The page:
Legislators in Indiana, Kentucky, and New Hampshire have all introduced online poker bills as well. That offers a chance to see some other states to join the five states currently offering online poker.
Two years ago, Kentucky and Indiana introduced online poker bills. That didn’t produce legalization but there is at least some hope again for 2023.
With the dynamic US online gambling industry rapidly expanding, this year may produce more success stories. In the US, online poker is currently live and legal in the following states:
West Virginia and Connecticut have also approved online poker but no operators have launched there. Here’s a look at the three states currently considering legalization.
Indiana online poker/casino moving forward
Sports betting has already become popular since it became legal in the Hoosier state in 2019. Now Rep. Ethan Manning (R) has filed an assembly bill (1536) that would launch online casino gaming and poker by Sept. 1.
Indiana has a population of nearly 7 million, meaning it could be a nice addition to any shared liquidity pool. The bill includes online lottery, and allows Indiana’s 14 casinos and racinos to offer online gaming and poker.
Feb. 27 is a key date, the deadline for House bills to cross over to the Senate. The Senate must pass bills originating in the House by April 18.
With some of the barriers to online casino legislation removed, and Manning the new chairman of public policy, Sen. Jon Ford is more confident this year’s bill can pass. Ford serves as president of the National Council of Legislators from gaming states.
“It’s been a long two years for us,” Ford told PlayUSA. “We had redistricting and other controversial topics, and elections, so I think some of our leaders were pretty nervous about what this would do for their reelection. So, we’ll see. Now that we’ve got past that, I’m optimistic. We’ll try to get some grassroots efforts and hear from constituents whether they want this or not.”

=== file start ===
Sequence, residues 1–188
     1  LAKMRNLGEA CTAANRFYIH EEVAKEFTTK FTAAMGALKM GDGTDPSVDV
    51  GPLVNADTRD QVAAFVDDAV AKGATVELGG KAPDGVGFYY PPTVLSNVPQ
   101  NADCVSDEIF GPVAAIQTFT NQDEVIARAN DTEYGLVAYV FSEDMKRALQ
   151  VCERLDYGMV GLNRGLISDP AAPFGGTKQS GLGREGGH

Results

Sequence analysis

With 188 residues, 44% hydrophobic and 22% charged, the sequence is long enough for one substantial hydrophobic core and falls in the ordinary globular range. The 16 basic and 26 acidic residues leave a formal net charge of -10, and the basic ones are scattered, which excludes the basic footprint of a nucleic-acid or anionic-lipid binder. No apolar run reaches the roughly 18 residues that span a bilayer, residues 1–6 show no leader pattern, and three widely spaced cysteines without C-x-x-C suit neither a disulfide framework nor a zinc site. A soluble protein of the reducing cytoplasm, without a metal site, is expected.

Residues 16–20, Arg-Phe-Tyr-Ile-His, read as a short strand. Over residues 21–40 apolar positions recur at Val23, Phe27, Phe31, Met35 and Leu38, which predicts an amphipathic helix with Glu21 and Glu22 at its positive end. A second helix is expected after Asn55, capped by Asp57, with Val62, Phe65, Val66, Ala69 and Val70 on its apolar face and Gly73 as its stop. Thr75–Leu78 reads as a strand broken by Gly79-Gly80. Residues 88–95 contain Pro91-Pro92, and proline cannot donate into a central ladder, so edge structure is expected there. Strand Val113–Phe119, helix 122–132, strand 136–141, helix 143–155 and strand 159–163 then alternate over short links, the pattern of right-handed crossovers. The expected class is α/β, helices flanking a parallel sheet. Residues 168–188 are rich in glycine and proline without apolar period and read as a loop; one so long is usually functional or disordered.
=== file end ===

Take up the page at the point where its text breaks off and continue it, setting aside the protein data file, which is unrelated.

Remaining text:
Kentucky making a move at online poker
Last year lawmakers in Kentucky failed to pass an online poker and sports betting bill. Now Democratic lawmakers are taking another swing with House Bill 106.
The bill was introduced earlier this month by floor leader Derrick Graham. If passed, the bill would add 26 amendments to the current law and enact 13 new sections related to online sports, poker, and fantasy gambling.
Operators pursuing a license would need to prove an effective use of geo tracking software for online poker for the state’s nearly 4.5 million residents. Age verification software must also be provided to ensure players are at least age 18.
New Hampshire quietly introduces iGaming bill
A New Hampshire Senate Bill (104) was introduced earlier this month. Sen. Timothy Lang (R) referred it to the Senate Ways and Means Committee, of which he chairs.
If passed, the act would take effect Jan. 1, 2024, and regulate online gambling for New Hampshire’s 1.4 million residents.
Fewer details are available including number of operators, tax rates, or license fee. But net proceeds would be directed to a community college education scholarship fund.
None of the bills so far mention shared liquidity and interstate compacts. That could change if these bills progress through the legislative process.
Indiana and Kentucky could perhaps support a ringed-in market, but that seems unlikely for New Hampshire. Delaware only has 1 million residents but is part of the only interstate compact with New Jersey and Nevada.
If the industry can run the table and see legalization in all three of these states plus New York, that could potentially add almost 33 million to the US online poker player pool.